Glonass (Global Navigation Satellite System), Russia's equivalent of the U.S. Global Positioning System (GPS), is designed for both military and civilian use and allows users to identify their positions in real time.
Sergei Ivanov, who oversees the country's military-industrial complex, called for the agency's leaders to take "personal responsibility for the development of particular components of Glonass and the system as a whole."
He said the satellite cluster does not provide 100% accessibility to Glonass services throughout Russia's territory, and that precision levels do not meet modern requirements.
According to various media sources the precision of location searches by GPS stands at one meter, while Glonass' precision varies between tens of meters.
Ivanov said production output at plants manufacturing the satellites is still inadequate.
"Devices on the satellites have not yet reached the necessary reliability level. Unfortunately, competitive domestic navigation equipment is still not available on the Russian market," he said.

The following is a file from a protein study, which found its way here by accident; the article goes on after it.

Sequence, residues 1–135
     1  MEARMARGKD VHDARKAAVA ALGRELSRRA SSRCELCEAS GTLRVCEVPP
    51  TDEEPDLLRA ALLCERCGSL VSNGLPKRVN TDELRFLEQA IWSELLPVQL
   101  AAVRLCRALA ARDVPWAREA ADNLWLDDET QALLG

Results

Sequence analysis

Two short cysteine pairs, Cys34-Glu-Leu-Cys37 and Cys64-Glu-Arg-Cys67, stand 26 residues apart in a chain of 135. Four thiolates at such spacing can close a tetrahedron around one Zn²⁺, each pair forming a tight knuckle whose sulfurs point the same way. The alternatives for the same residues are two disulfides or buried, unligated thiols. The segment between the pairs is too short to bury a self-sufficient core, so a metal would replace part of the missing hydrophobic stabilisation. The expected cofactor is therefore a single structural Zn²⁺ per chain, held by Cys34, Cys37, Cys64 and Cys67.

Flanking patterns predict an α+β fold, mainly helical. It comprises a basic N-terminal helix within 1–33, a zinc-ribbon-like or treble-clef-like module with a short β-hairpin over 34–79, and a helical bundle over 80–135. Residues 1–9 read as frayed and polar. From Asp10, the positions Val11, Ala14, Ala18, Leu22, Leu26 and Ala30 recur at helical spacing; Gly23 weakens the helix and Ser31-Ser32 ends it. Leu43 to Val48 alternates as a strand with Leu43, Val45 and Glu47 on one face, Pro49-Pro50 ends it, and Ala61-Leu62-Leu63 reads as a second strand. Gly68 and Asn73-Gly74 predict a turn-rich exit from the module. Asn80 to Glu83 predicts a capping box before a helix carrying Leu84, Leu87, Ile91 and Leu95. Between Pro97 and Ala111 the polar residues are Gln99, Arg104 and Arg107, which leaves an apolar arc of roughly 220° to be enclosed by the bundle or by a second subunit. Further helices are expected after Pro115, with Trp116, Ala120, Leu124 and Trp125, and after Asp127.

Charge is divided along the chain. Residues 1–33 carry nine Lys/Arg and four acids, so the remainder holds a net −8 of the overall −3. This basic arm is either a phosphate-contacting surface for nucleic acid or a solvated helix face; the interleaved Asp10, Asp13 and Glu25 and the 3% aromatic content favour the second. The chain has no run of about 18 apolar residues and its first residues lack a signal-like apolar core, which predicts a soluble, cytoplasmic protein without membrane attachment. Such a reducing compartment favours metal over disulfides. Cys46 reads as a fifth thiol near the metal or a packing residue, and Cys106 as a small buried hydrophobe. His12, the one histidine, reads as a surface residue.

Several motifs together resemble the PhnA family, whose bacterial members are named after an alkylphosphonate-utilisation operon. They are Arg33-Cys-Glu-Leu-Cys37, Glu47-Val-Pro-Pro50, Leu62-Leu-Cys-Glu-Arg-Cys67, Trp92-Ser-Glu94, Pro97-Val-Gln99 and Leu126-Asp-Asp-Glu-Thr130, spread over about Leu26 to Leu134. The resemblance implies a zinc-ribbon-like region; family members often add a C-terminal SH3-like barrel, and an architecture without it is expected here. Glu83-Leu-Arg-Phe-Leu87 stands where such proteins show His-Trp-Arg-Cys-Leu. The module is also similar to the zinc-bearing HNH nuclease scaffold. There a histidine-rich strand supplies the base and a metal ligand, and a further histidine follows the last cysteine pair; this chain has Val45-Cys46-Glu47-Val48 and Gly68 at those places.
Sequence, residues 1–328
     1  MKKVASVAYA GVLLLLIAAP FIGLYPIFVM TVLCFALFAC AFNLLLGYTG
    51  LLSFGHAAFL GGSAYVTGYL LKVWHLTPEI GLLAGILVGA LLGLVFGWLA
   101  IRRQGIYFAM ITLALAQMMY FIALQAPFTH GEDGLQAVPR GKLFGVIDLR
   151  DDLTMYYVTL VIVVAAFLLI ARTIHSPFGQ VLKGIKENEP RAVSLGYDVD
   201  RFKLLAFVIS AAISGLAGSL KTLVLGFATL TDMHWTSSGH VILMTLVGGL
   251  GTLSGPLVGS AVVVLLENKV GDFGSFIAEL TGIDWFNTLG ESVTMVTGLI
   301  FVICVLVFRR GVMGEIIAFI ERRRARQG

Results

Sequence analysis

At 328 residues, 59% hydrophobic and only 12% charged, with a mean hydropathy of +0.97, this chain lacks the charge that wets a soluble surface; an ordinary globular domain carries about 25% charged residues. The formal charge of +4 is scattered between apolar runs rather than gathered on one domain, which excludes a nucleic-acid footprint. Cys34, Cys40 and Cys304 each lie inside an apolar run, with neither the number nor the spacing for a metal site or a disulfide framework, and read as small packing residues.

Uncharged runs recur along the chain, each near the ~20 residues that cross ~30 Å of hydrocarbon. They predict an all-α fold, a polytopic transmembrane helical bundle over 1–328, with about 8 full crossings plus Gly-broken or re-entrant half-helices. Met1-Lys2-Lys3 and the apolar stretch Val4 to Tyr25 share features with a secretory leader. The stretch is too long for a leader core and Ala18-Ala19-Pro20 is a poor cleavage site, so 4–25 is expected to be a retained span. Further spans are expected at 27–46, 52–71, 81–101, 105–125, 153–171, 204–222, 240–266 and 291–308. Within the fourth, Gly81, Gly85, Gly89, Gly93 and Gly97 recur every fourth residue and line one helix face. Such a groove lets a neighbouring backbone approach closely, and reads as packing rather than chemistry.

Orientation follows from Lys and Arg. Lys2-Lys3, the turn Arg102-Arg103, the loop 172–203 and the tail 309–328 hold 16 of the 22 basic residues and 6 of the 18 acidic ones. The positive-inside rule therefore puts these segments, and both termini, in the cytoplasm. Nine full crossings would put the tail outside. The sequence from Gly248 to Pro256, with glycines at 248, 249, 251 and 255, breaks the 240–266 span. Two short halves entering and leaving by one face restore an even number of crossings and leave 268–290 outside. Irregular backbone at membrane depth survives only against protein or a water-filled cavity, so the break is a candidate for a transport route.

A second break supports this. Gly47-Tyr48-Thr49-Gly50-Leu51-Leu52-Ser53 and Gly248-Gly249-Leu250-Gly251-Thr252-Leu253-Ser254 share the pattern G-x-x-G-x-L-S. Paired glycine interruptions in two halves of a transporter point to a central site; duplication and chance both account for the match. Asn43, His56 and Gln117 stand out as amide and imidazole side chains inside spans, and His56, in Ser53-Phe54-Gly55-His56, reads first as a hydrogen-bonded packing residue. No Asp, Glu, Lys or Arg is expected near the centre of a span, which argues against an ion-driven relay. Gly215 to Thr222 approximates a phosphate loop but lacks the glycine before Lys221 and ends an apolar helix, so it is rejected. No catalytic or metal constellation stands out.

The fully operational Glonass cluster will consist of 24 Glonass-M and Glonass-K satellites by 2010, with 21 used for transmitting signals and three for on-orbit spares, deployed in three orbital planes.
The system currently consists of 18 satellites and is supposed to provide navigation and positioning data covering the whole territory of the Russian Federation.
Another six satellites will be added to the Glonass system in 2008, and the first two improved Glonass-K satellites are set to be launched in 2009.
The future modification, Glonass-K, is an entirely new model based on a non-pressurized platform, standardized to the specifications of the previous models' platform, Express-1000.
A total of 9.88 billion rubles ($380 million) was allocated for Glonass from the federal budget in 2007, and 4.7 billion ($181 million) in 2006.